A landmark report from the Georgetown University Center on Education and the Workforce forecasts an uneven relationship between colleges and the job market. Although more future jobs will require advanced education, colleges are not doing enough to prepare their students for the projected workforce.
Inside Higher Ed talked to the Georgetown center's director:
The colleges that most students attend "need to streamline their programs, so they emphasize employability," said Anthony P. Carnevale, director of the Georgetown center.
Carnevale acknowledged that such a shift would accept "a dual system" in which a select few receive an "academic" college education and most students receive a college education that is career preparation. "We are all offended by tracking," he said. But the reality, Carnevale said, is that the current system doesn't do a good job with the career-oriented track, in part by letting many of the colleges on that track "aspire to be Harvard." He said that educators have a choice: "to be loyal to the purity of your ideas and refuse to build a selective dual system, or make people better off."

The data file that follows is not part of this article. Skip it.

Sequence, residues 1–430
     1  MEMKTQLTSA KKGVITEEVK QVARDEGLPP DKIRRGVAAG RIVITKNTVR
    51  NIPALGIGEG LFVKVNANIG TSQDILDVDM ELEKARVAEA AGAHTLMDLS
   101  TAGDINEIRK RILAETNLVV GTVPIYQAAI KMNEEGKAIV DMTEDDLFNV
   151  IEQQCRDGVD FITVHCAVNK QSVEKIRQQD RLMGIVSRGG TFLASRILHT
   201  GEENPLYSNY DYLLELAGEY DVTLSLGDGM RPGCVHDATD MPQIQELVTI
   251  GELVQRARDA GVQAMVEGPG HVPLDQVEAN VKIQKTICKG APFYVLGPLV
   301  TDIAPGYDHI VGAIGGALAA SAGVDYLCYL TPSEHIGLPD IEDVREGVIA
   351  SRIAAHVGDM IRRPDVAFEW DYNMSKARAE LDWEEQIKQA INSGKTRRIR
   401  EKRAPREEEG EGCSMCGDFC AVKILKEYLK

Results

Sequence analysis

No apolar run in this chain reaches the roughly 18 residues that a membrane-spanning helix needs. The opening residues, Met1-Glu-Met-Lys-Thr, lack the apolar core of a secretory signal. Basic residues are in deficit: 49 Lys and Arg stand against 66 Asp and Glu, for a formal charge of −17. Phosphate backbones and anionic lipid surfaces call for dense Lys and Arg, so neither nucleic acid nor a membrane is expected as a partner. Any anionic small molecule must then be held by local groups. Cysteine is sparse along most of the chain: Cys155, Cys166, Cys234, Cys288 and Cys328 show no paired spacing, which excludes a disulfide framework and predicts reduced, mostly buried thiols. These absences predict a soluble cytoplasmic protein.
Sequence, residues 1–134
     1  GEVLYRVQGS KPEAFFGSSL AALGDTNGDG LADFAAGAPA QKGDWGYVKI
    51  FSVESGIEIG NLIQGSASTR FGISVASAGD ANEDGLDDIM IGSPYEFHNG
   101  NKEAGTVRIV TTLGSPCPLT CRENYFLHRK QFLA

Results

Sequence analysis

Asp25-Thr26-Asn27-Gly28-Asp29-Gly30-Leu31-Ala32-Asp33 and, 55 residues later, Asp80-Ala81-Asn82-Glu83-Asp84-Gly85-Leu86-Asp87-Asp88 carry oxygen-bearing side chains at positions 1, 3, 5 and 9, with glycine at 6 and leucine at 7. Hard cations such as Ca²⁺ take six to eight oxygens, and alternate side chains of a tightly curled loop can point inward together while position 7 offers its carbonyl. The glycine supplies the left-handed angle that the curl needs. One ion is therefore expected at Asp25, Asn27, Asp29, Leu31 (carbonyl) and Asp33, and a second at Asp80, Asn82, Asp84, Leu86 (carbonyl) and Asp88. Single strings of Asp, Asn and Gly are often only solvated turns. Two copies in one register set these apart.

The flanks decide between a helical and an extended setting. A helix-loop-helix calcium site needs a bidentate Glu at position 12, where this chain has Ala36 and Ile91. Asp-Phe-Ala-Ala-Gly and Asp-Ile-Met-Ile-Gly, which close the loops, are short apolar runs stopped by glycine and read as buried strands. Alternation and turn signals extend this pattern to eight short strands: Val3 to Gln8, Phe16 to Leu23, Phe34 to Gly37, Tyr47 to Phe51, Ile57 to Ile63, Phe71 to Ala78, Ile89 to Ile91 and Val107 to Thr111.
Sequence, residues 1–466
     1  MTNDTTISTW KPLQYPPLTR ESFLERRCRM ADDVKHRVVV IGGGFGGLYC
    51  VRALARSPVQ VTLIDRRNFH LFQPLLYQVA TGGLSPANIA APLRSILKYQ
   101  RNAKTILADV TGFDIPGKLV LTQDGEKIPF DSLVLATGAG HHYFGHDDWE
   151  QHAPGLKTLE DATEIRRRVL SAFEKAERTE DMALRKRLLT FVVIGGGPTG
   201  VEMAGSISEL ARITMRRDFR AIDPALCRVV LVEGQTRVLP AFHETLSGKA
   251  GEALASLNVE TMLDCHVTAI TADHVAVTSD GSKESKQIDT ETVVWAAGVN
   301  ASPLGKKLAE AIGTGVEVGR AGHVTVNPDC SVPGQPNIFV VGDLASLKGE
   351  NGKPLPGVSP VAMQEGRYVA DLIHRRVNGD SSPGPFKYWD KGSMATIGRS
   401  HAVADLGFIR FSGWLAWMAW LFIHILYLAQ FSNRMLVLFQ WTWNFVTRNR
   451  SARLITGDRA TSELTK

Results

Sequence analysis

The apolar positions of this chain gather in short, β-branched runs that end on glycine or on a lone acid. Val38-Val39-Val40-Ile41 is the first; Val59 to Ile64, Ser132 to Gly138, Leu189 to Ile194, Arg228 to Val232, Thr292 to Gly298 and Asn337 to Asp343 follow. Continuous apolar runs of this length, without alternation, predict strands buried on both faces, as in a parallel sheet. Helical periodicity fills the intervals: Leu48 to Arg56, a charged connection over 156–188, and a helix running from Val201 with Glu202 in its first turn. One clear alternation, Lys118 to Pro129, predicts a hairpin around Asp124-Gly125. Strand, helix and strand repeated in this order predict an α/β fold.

According to the report, 23 percent of all occupations will require a bachelor's degree by 2018. In 1973, that figure was nine percent. However, employers' educational expectations may level off in the future, with less of a demand for post-bachelor's degrees.
The New York Times has more:
For example, [Carnevale] said, the bureau predicts that education administrators will typically require no more than a bachelor's degree in 2018. But already, he said nearly half of education administrators have a master's degree, and 13 percent have a doctorate in education.
Similarly, he added, the bureau predicts that a nuclear technician in 2018 will typically need no more than an associate's degree. But already, he said, 43 percent of nuclear technicians have at least a bachelor's degree, and sometimes a more advanced degree.
The report also predicts that as more people obtain postsecondary degrees, it will become more difficult for them to join the middle and upper income classes.
Carnevale told Inside Higher Ed that he hopes the report makes people understand the significance of college, but also that career preparation needs to be a key aspect of the college experience.
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